I need a bash script that does the following:

  • Starts a background process with all output directed to a file
  • Writes the process's exit code to a file
  • Returns the process's pid (right away, not when process exits).
  • The script must exit

I can get the pid but not the exit code:

$ executable >>$log 2>&1 &
pid=`jobs -p`

Or, I can capture the exit code but not the pid:

$ executable >>$log;
# blocked on previous line until process exits
echo $0 >>$log;

How can I do all of these at the same time?


The pid is in $!, no need to run jobs. And the return status is returned by wait:

$executable >> $log 2>&1 &
wait $!
echo $?  # return status of $executable


If I understand the additional requirement as stated in a comment, and you want the script to return immediately (without waiting for the command to finish), then it will not be possible to have the initial script write the exit status of the command. But it is easy enough to have an intermediary write the exit status as soon as the child finishes. Something like:

sh -c "$executable"' & echo pid=$! > pidfile; wait $!; echo $? > exit-status' &

should work.


As pointed out in the comments, that solution has a race condition: the main script terminates before the pidfile is written. The OP solves this by doing a polling sleep loop, which is an abomination and I fear I will have trouble sleeping at night knowing that I may have motivated such a travesty. IMO, the correct thing to do is to wait until the child is done. Since that is unacceptable, here is a solution that blocks on a read until the pid file exists instead of doing the looping sleep:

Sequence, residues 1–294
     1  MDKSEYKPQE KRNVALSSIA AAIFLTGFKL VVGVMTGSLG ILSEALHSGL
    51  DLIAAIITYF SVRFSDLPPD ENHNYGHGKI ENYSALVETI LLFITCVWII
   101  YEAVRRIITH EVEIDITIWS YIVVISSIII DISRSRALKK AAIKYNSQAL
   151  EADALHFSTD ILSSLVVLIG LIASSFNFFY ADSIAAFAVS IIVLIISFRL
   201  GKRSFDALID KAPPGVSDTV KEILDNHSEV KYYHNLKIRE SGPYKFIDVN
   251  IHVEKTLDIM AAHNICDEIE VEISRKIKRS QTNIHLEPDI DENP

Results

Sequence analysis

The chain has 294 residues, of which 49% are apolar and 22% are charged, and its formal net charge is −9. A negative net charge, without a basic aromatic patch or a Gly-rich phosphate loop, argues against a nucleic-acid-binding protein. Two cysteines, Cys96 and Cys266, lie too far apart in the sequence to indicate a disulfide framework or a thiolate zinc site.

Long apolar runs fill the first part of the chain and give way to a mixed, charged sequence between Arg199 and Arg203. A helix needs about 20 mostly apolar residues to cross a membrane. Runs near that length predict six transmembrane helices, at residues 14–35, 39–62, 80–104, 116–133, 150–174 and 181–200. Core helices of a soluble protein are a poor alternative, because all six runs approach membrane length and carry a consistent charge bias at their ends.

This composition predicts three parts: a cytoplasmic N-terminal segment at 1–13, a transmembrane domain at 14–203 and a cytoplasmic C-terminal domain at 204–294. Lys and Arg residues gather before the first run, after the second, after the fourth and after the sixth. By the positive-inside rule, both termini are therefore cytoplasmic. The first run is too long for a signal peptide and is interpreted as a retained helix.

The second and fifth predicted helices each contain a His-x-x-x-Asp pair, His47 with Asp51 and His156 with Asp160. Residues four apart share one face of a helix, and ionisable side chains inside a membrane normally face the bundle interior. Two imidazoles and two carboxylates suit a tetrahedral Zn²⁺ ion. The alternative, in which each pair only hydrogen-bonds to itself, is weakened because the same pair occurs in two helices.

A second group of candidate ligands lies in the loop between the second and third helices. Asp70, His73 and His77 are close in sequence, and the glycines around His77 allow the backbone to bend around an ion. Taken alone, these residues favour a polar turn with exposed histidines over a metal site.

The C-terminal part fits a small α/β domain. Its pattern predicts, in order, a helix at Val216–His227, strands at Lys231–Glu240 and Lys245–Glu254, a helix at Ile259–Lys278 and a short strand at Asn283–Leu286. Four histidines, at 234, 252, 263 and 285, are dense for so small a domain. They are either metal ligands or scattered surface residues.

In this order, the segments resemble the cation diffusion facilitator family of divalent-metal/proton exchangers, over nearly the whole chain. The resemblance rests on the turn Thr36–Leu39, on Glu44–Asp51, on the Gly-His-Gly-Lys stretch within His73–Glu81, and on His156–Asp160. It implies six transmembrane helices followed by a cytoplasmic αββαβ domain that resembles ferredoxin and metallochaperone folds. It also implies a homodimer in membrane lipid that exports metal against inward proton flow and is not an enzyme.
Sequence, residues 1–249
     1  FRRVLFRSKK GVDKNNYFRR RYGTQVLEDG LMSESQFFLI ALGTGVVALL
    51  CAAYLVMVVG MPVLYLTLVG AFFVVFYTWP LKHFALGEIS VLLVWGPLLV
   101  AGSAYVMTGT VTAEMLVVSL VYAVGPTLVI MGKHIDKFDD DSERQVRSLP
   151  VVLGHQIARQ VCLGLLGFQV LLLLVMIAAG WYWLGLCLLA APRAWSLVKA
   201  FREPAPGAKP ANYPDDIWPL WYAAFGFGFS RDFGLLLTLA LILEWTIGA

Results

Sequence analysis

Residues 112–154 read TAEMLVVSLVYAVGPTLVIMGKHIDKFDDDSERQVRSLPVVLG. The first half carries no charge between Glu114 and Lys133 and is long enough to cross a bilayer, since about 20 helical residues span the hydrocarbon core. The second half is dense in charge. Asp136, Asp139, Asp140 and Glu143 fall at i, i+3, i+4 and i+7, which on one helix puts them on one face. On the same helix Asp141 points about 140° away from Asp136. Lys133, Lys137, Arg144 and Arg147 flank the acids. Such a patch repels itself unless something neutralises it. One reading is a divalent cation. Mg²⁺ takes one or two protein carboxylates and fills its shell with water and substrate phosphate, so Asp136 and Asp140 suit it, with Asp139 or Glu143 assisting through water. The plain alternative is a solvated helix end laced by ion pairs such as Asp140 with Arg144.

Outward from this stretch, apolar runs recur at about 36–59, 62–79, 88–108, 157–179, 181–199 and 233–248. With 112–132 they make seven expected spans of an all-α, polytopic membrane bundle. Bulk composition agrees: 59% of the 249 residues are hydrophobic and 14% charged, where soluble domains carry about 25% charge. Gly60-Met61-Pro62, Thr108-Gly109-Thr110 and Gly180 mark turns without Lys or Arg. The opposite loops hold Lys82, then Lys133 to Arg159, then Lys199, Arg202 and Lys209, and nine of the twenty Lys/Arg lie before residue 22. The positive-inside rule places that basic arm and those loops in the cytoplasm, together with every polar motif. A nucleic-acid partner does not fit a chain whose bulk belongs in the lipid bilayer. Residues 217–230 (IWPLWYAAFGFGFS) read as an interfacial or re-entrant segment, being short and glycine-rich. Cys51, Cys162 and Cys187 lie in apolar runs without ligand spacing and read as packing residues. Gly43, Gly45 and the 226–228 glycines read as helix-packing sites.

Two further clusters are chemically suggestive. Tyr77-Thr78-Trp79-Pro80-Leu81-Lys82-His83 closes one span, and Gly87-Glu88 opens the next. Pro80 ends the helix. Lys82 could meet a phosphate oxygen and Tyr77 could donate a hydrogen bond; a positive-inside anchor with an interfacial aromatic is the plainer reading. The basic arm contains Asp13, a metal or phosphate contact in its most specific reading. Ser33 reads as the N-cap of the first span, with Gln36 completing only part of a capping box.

{ sh -c "$executable > $log 2>&1 &"'
echo $! > pidfile
echo   # Alert parent that the pidfile has been written
wait $!
echo $? > exit-status
' & } | read
  • Thanks a lot. That is pretty close. I'm afraid I left out one other requirement. The bash script must finish. If I run "wait $pid; echo $? >>$log" in a backgrounded helper script, I will get a "not a child" error. – Bob B Feb 13 '12 at 14:41
  • 2
    If you want the script to exit before the child finishes, it is not possible to write the exit code of the child without invoking a temporal anomaly of some sort. – William Pursell Feb 13 '12 at 15:01
  • Wrap the whole sh -c "( $executable"' ...exit-status)' & in the sub-shell parentheses. That lets the subshell get on with its life while the parent gets on with whatever it needs to do. You might want to add another & after the ). – Jonathan Leffler Feb 13 '12 at 16:01
  • @Jonathan Your suggestion would probably make for more readable code, but sh -c cmd & has the same effect (modulo unimportant details) as ( sh -c cmd & ) & – William Pursell Feb 13 '12 at 16:11
  • Here are some final notes. I had to add a polling sleep loop to make sure that the pid file was generated. Any vars you want to use in the subshell command need to be exported, not just set. – Bob B Feb 13 '12 at 20:00

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